H.323 Protocol in Wireless Networking

Definition: H.323 is a protocol standard for multimedia communications. H.323 was designed to support real-time transfer of audio and video data over packet networks like IP. The standard involves several different protocols covering specific aspects of Internet telephony. The International Telecommunication Union (ITU-T) maintains H.323 and these related standards.

Most voice over IP (VoIP) applications utilize H.323.

H.323 supports call setup, teardown and forwarding/transfer. Architectural elements of a H.323 based system are Terminals, Multipoint Control Units (MCUs), Gateways, an optional Gatekeeper and Border Elements. Different functions of H.323 run over either TCP or UDP. Overall, H.323 competes with the newer Session Initialization Protocol (SIP), another proven standard often found in VoIP systems.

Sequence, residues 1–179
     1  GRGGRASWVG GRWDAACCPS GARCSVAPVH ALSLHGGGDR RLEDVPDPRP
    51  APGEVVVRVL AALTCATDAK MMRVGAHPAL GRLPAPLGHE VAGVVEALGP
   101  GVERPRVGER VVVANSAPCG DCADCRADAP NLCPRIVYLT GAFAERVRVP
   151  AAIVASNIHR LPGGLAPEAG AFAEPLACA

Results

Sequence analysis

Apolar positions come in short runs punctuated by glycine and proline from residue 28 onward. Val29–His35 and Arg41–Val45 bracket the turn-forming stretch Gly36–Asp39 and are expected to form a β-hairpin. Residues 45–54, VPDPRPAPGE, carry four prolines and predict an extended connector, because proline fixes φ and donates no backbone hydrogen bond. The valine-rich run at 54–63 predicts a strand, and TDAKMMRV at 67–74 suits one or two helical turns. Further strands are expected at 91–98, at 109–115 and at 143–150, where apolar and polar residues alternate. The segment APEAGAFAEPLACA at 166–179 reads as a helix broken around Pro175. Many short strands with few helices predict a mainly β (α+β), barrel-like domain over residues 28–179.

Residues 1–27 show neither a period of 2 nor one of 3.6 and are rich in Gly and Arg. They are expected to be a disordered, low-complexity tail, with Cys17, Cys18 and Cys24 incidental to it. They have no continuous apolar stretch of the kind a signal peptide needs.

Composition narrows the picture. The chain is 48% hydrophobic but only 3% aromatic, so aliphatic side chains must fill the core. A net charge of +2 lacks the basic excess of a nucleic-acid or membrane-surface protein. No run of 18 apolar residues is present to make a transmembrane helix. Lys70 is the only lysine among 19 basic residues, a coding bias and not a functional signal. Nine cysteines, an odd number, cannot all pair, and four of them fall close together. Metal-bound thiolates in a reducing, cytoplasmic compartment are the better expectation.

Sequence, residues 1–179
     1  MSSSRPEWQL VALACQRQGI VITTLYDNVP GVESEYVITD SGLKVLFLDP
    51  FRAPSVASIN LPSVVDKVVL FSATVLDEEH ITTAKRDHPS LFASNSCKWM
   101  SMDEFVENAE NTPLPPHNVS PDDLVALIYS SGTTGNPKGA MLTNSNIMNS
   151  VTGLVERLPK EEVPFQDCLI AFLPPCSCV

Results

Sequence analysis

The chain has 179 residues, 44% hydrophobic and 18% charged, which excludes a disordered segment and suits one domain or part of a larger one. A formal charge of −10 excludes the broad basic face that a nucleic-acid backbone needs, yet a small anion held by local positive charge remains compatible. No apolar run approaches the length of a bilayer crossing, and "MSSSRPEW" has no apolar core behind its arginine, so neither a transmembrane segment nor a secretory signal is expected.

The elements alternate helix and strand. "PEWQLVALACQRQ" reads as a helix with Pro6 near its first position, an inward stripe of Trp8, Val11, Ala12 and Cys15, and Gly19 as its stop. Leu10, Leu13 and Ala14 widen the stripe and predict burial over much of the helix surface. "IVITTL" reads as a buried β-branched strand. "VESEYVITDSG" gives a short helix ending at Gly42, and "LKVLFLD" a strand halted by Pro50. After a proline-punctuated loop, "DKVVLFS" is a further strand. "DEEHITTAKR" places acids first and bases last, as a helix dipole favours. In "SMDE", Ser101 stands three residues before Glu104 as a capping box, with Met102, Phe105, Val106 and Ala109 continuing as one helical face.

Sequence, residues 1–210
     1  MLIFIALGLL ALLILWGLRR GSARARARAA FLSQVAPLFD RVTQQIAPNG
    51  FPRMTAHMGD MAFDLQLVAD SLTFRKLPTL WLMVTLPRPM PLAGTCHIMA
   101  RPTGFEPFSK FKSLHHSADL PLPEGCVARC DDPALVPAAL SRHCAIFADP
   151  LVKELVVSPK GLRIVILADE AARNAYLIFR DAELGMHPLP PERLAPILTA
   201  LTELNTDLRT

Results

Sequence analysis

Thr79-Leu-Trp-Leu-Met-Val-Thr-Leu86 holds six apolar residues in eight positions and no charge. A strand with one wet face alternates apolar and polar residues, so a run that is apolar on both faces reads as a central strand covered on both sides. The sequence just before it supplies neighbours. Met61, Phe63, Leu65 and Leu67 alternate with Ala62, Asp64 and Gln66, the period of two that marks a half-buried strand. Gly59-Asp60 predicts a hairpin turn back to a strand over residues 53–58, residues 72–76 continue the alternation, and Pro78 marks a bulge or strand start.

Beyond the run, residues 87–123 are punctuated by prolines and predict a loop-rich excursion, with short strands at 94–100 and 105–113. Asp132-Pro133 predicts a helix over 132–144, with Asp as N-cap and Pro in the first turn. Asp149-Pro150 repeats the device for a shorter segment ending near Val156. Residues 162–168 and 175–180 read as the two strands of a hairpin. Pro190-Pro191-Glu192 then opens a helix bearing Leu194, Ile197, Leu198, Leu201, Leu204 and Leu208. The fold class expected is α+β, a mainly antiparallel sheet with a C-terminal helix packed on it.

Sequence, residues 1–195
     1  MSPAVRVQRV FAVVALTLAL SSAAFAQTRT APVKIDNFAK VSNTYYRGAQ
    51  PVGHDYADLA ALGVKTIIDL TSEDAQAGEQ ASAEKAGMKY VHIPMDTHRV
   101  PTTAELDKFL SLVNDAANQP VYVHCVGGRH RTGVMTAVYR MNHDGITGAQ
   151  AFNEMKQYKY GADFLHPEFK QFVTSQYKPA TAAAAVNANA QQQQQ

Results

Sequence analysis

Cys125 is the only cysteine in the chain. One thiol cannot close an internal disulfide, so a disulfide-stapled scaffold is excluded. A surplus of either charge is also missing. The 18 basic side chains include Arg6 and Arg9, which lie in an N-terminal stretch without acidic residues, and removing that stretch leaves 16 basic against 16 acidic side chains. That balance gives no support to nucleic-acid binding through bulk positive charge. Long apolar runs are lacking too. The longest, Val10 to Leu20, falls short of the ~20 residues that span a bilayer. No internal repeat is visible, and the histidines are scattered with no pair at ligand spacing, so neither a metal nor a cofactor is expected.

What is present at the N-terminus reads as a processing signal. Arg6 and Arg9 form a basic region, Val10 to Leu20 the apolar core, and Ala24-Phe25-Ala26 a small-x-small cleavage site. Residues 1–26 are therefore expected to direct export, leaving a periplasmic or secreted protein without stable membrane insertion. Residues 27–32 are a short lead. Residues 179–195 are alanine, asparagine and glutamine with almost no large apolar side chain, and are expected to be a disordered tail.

A key feature of H.323 is Quality of Service (QoS). QoS technology allows real-time prioritization and traffic management constraints to be placed on "best-effort" packet delivery systems like TCP/IP over Ethernet. QoS improves the quality of voice or video feeds.